Atrial enlargement ( hypertrophy)
To understand atrial enlargement (hypertrophy) , one should be familiar with the P wave configuration in the normal electrocardiogram ( ECG) . As can be expexted , right atrial activation (depolarization ) takes place first , since the sinus node is situated in the right atrium . soon after the intiation of right atrial depolarization , left atrial activation (depolarization ) follows . since the left atrium begins to be activated before the completion of right atrial depolarization , both atrial activation processes overlap .
consequently , the configuration of the normal P waves in the limb leads , particularly lead II , may show slight notching . the P wave has the largest amplitude in lead II in most normal adults because the P axis is similar to the axis of lead II . however , the P wave configuration varies markedly in different limb leads depending on the P axis of a given ECG tracing . in general , the typical noormal P wave demonstrates a small ( not more than 2.5 mm in width and depth ) , round , upright configuration in lead II and an iverted configuration in lead avr .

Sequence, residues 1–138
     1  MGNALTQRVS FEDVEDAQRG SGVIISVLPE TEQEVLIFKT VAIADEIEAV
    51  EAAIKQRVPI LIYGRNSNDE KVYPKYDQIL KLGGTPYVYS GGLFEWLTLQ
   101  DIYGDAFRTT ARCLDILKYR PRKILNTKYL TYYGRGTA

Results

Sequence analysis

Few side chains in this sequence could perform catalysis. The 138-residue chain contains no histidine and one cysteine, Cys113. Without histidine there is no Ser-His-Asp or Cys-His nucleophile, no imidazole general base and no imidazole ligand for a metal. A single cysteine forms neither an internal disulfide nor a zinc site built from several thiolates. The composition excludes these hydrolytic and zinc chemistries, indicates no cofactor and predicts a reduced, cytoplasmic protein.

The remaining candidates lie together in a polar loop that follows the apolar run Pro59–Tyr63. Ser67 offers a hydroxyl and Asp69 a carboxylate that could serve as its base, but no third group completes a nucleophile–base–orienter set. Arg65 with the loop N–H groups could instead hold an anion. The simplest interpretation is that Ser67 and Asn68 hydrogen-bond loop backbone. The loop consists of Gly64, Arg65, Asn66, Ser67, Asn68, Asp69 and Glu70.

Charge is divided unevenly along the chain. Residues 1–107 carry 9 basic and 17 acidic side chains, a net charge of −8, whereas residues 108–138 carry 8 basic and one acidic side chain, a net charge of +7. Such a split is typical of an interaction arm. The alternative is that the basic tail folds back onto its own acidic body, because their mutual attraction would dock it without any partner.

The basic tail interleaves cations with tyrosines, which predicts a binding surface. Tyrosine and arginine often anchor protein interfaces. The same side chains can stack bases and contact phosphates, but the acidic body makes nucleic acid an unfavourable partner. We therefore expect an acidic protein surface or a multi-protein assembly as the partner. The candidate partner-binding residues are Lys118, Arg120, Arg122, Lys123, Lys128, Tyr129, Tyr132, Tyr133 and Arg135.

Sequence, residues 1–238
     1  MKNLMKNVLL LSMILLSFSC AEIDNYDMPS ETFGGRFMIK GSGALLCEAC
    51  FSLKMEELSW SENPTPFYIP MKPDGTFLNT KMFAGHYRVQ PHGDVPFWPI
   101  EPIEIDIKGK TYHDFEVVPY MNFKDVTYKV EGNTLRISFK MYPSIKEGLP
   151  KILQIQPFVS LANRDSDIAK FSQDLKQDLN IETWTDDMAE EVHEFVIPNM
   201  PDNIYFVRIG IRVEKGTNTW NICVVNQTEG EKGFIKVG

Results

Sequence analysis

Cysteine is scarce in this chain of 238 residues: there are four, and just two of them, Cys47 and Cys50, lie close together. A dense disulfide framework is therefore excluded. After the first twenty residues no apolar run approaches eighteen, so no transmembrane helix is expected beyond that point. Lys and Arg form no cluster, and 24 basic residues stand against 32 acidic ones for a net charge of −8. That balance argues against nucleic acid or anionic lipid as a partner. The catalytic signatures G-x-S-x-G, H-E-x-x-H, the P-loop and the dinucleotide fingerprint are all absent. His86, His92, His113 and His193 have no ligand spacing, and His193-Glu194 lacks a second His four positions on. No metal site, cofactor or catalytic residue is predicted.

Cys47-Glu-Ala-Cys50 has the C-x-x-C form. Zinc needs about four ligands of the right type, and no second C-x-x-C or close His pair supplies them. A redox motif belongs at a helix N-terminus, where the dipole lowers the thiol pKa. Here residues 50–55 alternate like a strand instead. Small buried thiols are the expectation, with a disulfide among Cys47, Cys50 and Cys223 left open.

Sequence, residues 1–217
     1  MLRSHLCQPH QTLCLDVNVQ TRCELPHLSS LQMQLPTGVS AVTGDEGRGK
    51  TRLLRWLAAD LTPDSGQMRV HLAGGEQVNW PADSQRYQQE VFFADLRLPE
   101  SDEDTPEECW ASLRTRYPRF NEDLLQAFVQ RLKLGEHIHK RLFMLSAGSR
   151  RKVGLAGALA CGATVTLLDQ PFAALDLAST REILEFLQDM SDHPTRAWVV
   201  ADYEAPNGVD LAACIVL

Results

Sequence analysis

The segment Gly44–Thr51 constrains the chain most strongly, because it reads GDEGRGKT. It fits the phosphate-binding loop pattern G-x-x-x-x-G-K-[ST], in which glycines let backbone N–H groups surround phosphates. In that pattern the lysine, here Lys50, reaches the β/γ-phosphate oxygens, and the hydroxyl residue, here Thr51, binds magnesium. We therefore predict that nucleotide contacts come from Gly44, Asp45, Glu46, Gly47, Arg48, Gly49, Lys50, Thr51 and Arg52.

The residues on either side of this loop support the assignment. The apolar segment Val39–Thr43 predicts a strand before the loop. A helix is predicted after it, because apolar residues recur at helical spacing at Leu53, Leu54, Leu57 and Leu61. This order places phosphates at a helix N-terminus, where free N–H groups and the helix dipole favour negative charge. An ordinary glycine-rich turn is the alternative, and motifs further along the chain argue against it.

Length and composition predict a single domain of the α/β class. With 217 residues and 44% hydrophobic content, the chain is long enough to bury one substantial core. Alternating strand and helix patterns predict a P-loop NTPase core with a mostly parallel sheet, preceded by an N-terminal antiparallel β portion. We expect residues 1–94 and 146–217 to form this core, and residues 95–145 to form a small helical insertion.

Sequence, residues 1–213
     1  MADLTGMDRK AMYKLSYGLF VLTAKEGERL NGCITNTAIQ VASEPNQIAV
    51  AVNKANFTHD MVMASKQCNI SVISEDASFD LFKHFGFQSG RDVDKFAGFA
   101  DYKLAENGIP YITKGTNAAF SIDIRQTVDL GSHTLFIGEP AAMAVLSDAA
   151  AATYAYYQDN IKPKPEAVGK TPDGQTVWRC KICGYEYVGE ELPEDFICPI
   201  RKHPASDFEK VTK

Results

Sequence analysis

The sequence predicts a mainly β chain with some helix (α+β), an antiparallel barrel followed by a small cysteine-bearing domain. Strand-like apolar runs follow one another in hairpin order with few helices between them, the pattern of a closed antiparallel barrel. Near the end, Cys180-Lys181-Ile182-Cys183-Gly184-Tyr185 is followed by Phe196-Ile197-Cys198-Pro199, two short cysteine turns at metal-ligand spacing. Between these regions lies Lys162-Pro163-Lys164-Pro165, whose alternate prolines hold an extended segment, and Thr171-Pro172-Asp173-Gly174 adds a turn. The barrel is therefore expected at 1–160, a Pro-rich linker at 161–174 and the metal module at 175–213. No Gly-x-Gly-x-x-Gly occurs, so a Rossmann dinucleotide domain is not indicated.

In lead V1, a normal P wave has two components : postitive and negative . the reason for this biphasic P wave is that the right atrium is located anteriorly and to the right , whereas the left atrium is located posteriorly and to the left .thus . in lead V1, right atrial activation produces the upright (positive) components , and left atrial activation registers the inverted ( negative ) component. As described previously , the atrial repolarization process ( Ta or Tp waves) is , as a rule , not recorded on the ordinary ECG because of its frequent superimposition on the QRS complex . however, on rare occasions , Ta(TP) waves may be discernible . In this case , the ECG finding may resemble left atrial enlargement .
When right or left atrial enlargement occurs , the configuration of the P wave is altered, with increased amplitude , increased with of the the corresponding component of the enlarged (hypertrophied) atrium or both .